Running with your dog can be a mutually beneficial partnership for Man and his Best Friend. The runner gets exercise and gets to bond with Man’s Best Friend and the dog gets to burn all of that energy that’s stored up from sitting inside all day.
At some point, a group of runners decided to take this shit to the next level and created the Dog Mile World Championship in Santa Barbara, California. This year’s Dog Mile World Championship saw a record-breaking performance from runner Dan Wehunt and his 4-year-old German Shorthaired Pointer named Odess who almost ran a sub-4:00 mile and in doing so they set a new world record for the Fastest Dog Mile.
It’s worth noting that one runner has already clocked a sub-4:00 mile with his dog. Anthony Famiglietti is a two-time Steeplechase Olympian and in February he ran a sub-4:00 mile but it didn’t count because it was a personal time trial and not an official race.
Dan Wehunt smashed the previous Dog Mile record which was a time of 4:13 clocked by runner Brian Duff and his Weimaraner named Kaydom back at the 2016 Dog Mile World Championship. 4-year-old Odessa and Dan Wehunt shaved six seconds off that time and set a new record of 4:07.
When asked about going sub-4:00 next year, Dan said that was the goal. He went on to say it was him that held Odessa back and definitely not the other way around:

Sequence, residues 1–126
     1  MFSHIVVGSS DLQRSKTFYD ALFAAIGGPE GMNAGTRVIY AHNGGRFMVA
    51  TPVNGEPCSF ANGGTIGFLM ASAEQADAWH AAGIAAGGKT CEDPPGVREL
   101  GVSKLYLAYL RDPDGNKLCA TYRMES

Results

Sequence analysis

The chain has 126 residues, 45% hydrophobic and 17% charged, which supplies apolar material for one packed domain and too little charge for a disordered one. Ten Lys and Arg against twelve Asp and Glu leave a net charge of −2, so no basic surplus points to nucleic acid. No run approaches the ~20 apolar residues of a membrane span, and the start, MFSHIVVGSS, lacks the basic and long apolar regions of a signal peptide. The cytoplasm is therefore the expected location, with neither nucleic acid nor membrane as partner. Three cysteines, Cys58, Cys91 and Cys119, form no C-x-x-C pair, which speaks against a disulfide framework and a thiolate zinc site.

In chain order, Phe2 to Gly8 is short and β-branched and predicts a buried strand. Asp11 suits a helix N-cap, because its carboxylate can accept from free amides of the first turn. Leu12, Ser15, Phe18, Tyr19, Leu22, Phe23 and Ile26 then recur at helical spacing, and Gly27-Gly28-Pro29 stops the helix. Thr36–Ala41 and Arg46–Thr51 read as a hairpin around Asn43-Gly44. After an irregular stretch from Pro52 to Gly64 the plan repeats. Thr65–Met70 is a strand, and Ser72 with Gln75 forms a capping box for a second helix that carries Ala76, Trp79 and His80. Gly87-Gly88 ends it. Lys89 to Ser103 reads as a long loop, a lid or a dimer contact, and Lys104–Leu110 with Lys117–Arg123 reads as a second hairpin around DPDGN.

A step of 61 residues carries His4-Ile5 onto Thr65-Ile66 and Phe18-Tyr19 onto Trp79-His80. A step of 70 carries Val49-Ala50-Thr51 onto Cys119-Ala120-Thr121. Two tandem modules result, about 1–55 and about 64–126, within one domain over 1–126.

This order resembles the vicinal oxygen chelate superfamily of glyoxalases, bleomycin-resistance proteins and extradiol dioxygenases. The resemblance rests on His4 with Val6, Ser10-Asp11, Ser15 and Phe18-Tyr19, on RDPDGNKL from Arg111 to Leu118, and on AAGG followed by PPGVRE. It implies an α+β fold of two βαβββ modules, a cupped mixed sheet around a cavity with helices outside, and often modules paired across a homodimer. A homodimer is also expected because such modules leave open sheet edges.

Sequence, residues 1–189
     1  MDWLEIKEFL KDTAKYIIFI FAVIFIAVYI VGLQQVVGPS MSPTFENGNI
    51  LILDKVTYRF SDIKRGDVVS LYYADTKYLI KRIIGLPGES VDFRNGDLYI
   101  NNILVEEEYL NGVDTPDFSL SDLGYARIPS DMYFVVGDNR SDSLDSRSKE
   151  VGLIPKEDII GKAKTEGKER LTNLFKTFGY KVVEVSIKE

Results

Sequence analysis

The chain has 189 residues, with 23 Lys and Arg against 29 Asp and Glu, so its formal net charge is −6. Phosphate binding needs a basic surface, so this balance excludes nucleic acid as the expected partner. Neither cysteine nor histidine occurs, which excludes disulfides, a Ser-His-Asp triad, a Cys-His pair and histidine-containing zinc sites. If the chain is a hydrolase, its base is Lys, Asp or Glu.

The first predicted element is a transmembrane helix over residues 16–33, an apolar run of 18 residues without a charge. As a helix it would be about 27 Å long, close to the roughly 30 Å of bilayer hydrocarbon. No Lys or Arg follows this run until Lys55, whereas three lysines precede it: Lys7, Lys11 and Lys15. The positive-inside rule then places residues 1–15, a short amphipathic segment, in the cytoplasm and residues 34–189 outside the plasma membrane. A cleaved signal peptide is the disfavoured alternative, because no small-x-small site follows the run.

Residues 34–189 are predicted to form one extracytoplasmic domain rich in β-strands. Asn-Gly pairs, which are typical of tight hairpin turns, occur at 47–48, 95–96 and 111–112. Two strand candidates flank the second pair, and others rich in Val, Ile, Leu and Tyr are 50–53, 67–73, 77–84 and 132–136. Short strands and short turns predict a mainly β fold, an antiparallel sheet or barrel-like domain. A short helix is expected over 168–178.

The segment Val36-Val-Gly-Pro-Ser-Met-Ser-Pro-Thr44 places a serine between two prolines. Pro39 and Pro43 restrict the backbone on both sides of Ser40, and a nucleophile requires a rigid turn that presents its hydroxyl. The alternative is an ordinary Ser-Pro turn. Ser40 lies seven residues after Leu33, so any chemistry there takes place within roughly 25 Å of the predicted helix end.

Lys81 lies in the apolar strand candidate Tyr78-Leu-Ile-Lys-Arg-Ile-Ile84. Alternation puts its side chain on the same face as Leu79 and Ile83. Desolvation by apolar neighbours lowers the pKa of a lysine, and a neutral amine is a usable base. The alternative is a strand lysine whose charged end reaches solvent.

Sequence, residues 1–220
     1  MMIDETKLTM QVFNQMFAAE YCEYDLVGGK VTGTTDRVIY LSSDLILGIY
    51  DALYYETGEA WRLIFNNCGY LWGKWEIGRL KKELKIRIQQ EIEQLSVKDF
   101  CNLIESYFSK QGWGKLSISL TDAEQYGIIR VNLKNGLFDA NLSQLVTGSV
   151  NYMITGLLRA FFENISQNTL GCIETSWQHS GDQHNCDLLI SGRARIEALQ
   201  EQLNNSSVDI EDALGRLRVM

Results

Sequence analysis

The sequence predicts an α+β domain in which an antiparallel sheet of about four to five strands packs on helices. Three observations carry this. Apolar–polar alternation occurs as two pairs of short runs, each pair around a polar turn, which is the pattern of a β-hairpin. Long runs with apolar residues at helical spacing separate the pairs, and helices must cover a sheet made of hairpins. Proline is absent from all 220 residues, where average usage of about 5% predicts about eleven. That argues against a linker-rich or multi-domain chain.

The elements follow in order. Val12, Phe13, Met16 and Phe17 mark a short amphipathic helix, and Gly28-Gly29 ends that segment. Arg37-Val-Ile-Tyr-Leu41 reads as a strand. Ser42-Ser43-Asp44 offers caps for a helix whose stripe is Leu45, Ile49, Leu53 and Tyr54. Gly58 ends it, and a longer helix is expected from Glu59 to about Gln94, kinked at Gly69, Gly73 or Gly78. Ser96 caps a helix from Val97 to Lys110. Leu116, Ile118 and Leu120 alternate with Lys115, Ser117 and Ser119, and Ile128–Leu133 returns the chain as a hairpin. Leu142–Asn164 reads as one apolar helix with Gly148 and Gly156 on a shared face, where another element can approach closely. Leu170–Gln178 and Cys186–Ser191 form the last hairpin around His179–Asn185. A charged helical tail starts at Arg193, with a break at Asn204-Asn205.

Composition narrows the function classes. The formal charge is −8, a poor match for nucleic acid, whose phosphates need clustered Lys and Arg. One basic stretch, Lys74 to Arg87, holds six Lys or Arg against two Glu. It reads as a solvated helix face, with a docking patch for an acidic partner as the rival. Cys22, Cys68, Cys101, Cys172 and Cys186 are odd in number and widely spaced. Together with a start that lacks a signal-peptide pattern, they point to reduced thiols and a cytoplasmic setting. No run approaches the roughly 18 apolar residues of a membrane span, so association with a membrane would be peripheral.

“I’d love to go sub-4:00,” said Wehunt. “During the race, I was surprised to hear someone call out our 1200-meter split was 3:00, so we were on pace. But it was me who held Odessa up the final 400 meters. She had no problems with the pace.”
If you’re wondering what the burden of running a 4-minute mile looks like on a dog, Dan Wehunt explained to Runners World what their typical training sessions might look like:
Wehunt, a former DI runner for the University of Florida, logs about 40 miles a week, almost all of which include Odessa right by his side. Running with his pup, he believes, helps him find joy in training, which, at times, could become monotonous.“Odessa has tagged along on a few tempo long runs where we average around 5:30-mile pace for about 90 minutes,” said Wehunt.
With Odessa’s affinity for endurance runs, Wehunt sees some longer races in their future.
“I’d probably limit Odessa’s road racing to nothing more than a 10k, so the asphalt doesn’t hurt her paws,” he said. “But a longer trail race would be a ton of fun.” (via)
Since tearing my lateral meniscus on my right knee for a second time I cannot even begin to wrap my mind around running a sub-4-minute mile. I also have a Bernese Mountain Dog, a heavy dog that’s considered a ‘large breed’ and is prone to quick bursts of speed but gets completely gassed after two or three good sprints.
There are definitely some dog breeds that are predisposed for this type of running. My parents have two Spinone Italianos and I think they’d be perfect for this. All they want to do is run at top speed in an open field. Odessa’s breed, the German Shorthaired Pointer is perfect, as are others skinny breeds like the Whippet, Vizsla, Saluki, Dalmatian, Borzoi, Border Collie, and a handful of others.
Here’s that 3:59-mile ran by Olympian Anthony Famiglietti a few months ago:
Will we see a sub-4 minute mile ran at next year’s Dog Mile World Championship in Santa Barbara? It seems likely.
For more on this story, you can visit Runners World.